I’ve been seeing more and more Shakespeare and I listened to the cd’s too, with a lot of focus on lines of course, but last night I heard it, Andy did too, said he heard the rhymes. And the second half, after having half a coffee and some trail mix, I began to like the production too. The Helena and Hermia were excellent and their boys athletic and silly, Nigel Gore was an inspired Bottom, the coarse and randy Puck had a good time and so did we. Anyhow, it was a happy experience, nose bleed seats and all.

Calm lake, and I have the homesick feeling, wanting to get back to work. Sometime yesterday it hit me that the solution to my problem of too much to do is simply to suck it up: I'm teaching for the next two days, and doing Coalition stuff. Period. Won’t write, because I’m working. Be glad I don’t have to get up early in a panic and work. At least these will be at home. In the heat. But if I have to, I’ll work in the bedroom with a.c.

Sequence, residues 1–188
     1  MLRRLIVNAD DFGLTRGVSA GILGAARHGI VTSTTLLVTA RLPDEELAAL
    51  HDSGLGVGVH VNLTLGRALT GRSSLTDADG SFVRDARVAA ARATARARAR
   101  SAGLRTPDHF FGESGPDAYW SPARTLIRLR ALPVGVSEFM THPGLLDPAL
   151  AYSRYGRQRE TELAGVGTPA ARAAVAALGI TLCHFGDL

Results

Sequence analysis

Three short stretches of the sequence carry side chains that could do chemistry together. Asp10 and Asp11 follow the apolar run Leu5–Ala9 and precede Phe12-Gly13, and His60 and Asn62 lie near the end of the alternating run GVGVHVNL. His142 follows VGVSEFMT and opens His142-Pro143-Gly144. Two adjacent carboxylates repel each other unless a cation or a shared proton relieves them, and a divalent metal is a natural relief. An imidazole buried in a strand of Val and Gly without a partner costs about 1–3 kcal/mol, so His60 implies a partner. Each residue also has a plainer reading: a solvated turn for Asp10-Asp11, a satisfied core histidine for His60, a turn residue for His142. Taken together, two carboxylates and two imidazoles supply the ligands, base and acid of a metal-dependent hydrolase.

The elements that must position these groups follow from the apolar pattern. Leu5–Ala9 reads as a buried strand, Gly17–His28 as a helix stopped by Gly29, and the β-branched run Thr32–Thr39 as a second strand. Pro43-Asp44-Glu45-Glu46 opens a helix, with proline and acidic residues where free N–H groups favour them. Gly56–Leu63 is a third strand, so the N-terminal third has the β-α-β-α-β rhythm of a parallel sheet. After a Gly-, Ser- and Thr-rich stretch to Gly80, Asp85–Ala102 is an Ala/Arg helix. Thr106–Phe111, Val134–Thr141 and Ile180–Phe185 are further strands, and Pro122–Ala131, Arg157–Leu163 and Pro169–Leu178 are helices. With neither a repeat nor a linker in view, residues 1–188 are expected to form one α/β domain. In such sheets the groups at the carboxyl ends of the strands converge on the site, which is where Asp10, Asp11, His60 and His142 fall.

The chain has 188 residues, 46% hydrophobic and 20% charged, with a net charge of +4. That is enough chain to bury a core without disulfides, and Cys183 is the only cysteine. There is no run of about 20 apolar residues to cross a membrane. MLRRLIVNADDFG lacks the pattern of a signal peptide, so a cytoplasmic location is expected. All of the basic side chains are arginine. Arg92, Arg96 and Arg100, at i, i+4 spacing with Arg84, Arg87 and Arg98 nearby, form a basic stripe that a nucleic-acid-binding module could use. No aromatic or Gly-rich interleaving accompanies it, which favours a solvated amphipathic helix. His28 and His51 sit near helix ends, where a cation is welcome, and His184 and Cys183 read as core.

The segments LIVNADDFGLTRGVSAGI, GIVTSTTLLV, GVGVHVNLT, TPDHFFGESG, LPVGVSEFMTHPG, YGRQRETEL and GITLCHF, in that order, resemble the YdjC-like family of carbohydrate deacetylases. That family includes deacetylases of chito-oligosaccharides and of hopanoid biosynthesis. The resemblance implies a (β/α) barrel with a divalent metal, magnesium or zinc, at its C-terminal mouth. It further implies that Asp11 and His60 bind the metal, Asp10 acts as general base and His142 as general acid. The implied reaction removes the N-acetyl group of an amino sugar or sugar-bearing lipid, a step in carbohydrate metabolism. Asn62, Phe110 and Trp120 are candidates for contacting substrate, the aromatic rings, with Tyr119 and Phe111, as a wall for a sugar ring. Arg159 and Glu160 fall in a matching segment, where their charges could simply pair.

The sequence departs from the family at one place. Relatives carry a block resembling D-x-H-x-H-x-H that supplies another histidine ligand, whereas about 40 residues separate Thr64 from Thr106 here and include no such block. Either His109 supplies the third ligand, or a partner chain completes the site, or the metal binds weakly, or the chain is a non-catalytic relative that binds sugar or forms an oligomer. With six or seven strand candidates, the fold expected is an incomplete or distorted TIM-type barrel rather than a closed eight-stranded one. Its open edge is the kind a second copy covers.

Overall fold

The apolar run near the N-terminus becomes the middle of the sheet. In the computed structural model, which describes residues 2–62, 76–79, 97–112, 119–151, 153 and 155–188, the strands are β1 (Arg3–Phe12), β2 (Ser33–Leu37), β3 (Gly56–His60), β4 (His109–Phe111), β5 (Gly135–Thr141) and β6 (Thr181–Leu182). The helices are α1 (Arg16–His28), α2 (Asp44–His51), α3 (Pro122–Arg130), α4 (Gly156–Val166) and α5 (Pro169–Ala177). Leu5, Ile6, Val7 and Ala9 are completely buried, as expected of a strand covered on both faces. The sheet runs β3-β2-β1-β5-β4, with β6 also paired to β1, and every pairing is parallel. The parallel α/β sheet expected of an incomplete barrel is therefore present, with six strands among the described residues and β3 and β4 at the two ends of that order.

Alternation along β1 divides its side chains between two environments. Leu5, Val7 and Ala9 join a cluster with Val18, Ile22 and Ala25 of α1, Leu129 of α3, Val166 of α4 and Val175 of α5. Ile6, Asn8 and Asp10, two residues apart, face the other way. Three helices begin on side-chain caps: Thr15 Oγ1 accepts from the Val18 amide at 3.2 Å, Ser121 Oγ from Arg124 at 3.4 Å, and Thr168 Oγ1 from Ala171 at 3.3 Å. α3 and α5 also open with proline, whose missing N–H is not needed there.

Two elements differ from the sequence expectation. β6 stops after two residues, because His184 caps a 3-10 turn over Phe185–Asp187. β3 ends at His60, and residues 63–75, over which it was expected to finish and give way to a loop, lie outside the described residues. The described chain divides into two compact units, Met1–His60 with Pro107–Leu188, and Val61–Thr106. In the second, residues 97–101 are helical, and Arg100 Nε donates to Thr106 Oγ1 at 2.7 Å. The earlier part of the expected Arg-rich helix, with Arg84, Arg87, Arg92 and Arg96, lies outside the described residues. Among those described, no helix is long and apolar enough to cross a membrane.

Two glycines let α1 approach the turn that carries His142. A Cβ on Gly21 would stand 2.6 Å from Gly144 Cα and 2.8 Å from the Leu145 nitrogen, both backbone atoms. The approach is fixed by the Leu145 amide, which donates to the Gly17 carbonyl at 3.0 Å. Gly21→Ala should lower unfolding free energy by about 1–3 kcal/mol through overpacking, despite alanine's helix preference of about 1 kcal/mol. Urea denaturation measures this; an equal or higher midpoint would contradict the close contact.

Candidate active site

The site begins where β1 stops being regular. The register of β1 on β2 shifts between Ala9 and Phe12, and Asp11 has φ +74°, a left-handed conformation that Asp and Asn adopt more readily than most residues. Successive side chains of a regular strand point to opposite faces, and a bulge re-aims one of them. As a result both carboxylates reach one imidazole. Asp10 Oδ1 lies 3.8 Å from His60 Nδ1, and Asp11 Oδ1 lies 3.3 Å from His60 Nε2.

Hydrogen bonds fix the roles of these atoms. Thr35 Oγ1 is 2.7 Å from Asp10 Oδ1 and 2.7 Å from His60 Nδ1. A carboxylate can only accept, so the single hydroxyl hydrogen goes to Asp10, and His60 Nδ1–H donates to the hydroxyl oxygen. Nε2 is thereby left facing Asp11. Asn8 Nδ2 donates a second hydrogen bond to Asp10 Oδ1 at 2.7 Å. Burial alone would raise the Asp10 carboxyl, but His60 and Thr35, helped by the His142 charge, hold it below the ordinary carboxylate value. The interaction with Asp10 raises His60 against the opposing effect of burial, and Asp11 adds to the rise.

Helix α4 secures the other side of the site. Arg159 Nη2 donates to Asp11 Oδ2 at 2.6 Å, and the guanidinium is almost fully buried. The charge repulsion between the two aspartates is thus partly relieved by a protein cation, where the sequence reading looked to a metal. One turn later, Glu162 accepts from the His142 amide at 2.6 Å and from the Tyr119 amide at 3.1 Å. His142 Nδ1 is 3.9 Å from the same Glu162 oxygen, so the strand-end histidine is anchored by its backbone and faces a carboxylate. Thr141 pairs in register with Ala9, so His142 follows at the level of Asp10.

Thursday, July 05, 2007

Food Court WiFi

Ah the wonders of technology! Andy and I are sitting at a table in a food court at the Prime Outlets in Lee, Massachusetts with a diet pepsi and free wifi. We had brunch at Norm and Nancy's in Otis, rather more of an adventure that we expected because as we drove the mile and a half from the paved highway we came across a dead tree fallen over the road, suspended on telephone wires! We called them by cell, climbed over the tree and started walking, and I simultaneously got a phone call from the Coalition and we began to be chased by two large black labs-- well, I exaggerate. They were actually just friendly barkers. THen Norm picked us up and we had delicious Challah french toast, enjoyed their house in the woods, and now we're here, buying walking shoes and doing email!

Tuesday, July 03, 2007

Keeping in Touch...

Well, with the wonders of cell phones, Joel has been in touch through West Virginia and Tennessee (they stayed in Memphis and went to Graceland this morning-- even liked the banana flavored Reese's cups ). Tonight they plan to stay in Oklahoma someplace, then make a run through Texas to Flagstaff and go to the Grand Canyon and Sedona. It sounds like a great trip, and eveyrone is cheerful. The crying seems to be over for the moment, and I do have to say that cell phones are helping. Andy and I are heading north tomorrow for the lake, taking the parakeet. That should be interesting.